**I know your prayers were answered Erin. I enjoyed the book "Kiss." Looking forward to more by you and with Ted.**

3. How did you all come up with the idea for the book "Kiss"? Was that the working title for this book? Did you have any say so in what the cover would look like?

I came up with a concept for a story about a woman who can relieve people of their most painful memories, a mercy “angel” whose good intentions go all wrong. It was rooted in questions I’d been asking myself about how far a compassionate person could—or should—go in trying to relieve someone’s suffering. Maybe this story will find its footing one day in a sequel about Shauna. Who knows? Ted loved the idea of memory stealing and transplanted that device into a story concept that had bigger political and relational stakes, and Kiss grew from there. Yes, Kiss was the working title, Ted’s brainchild. As for the cover, I had only one thing to say about it when they showed it to me: “Wow! That’s phenomenal!”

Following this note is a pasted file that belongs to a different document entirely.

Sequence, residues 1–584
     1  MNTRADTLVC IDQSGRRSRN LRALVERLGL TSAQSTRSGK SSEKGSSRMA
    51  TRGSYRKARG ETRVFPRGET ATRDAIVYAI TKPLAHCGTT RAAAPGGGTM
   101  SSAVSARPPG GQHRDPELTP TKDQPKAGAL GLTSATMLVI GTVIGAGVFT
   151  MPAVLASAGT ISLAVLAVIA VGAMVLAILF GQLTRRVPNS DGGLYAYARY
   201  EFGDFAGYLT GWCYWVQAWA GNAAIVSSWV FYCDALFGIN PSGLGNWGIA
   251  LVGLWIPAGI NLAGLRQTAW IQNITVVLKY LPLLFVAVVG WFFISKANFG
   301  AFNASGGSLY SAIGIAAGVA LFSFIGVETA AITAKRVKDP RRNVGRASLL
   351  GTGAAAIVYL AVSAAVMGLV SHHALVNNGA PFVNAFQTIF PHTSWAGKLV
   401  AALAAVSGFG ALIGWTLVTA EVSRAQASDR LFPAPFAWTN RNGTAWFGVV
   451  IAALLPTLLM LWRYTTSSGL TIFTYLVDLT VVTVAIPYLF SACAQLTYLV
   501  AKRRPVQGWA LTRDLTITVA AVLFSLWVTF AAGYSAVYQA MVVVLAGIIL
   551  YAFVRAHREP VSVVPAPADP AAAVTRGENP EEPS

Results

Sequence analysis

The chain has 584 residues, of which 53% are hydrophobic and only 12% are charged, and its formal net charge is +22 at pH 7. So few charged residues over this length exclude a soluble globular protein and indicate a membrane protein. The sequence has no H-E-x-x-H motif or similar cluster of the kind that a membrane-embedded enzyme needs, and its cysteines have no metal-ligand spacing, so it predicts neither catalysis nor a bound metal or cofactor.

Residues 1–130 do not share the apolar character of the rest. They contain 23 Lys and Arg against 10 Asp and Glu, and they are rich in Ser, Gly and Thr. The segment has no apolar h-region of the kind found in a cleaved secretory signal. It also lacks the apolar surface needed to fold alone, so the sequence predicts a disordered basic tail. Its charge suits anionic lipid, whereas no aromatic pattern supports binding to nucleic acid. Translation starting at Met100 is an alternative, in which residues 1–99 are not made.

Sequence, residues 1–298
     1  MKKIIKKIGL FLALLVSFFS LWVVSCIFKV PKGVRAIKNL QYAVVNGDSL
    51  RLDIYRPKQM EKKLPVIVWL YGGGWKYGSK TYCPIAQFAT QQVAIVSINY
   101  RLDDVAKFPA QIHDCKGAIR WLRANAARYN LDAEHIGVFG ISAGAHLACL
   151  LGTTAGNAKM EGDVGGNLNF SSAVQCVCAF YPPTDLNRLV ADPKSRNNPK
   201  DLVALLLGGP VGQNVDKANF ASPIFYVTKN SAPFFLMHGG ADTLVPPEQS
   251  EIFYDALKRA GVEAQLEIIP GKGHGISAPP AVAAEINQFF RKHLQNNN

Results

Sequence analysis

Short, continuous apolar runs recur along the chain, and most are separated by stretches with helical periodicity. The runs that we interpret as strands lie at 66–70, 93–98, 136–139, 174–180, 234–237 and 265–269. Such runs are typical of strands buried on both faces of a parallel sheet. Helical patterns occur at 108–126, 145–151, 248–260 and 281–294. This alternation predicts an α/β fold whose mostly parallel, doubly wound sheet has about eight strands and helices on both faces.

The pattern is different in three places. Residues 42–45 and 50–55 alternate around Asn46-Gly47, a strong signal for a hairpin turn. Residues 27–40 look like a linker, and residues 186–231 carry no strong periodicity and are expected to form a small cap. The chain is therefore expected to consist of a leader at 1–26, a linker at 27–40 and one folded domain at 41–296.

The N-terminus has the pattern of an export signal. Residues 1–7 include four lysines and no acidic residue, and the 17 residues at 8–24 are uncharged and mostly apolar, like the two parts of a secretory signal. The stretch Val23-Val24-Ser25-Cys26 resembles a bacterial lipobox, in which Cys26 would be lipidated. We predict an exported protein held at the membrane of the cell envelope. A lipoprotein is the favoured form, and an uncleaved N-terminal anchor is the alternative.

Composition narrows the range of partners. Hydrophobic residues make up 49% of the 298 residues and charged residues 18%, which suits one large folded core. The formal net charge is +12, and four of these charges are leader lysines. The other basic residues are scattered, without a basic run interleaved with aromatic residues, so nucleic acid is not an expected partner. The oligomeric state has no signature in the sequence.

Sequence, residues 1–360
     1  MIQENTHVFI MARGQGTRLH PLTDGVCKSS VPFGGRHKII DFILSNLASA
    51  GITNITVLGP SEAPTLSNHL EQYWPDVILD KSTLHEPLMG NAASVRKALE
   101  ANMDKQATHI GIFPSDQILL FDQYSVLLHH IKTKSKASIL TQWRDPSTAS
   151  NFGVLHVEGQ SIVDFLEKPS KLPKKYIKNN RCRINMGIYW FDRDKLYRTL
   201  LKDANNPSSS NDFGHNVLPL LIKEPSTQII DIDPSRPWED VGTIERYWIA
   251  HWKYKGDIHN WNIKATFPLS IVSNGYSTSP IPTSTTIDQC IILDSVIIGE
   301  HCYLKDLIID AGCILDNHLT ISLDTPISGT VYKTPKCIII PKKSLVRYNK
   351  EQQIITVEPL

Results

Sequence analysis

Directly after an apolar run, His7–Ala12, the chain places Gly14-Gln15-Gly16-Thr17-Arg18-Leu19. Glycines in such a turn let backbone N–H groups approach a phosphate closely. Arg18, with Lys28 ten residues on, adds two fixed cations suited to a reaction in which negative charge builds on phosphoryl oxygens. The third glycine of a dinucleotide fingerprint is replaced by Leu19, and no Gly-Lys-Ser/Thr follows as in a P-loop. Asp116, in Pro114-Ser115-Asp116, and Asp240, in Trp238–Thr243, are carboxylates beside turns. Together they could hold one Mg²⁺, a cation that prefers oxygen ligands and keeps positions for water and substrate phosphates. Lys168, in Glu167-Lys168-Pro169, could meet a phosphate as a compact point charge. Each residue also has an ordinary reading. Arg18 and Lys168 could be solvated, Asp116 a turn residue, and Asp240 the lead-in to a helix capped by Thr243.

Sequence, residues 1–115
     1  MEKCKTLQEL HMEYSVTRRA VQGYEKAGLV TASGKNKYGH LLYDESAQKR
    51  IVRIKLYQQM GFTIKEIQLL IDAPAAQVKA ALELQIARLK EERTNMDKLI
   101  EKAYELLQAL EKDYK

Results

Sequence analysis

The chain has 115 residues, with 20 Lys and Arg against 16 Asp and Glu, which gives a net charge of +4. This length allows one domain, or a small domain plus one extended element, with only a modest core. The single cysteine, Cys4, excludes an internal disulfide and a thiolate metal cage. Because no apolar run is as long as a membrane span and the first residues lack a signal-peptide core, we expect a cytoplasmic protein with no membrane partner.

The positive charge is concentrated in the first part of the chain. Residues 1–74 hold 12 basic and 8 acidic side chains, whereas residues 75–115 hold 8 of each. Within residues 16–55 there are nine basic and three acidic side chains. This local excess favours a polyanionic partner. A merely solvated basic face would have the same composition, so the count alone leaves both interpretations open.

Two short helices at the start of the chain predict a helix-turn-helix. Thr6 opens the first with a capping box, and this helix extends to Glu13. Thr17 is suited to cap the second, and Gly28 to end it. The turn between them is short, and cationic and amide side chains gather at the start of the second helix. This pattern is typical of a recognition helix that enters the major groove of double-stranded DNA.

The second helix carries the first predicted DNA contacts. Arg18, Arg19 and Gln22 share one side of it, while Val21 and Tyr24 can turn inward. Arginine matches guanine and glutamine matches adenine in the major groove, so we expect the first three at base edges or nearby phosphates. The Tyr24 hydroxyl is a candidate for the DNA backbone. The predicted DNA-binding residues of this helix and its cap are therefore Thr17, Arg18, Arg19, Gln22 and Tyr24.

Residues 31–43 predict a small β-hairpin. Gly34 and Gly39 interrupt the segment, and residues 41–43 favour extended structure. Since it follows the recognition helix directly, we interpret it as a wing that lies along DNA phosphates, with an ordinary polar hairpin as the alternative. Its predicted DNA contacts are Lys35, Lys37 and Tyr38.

**"Kiss" was very gripping and thought provoking. Fascinating!!**

4. Are you and Ted Dekker planning on writing any more books together? If so what? Please tell us a little bit about your next project. Can you give us a little sneak peak?

(Recent Book Signing at Life Way)

Yes, we will continue to write together, and I’ll be writing solo as well. I’m really excited about Burn, which is already off our desks and in the capable hands of our editors. Burn is another stand-alone novel that ups the ante. It’s an intense, brain-bending story about a woman forced into making a critical, life-changing decision … and what might have happened if she’d made a different decision. It’s a novel about the dramatic stakes involved in dying to self, and what life on the other side of that action looks like, for better and worse.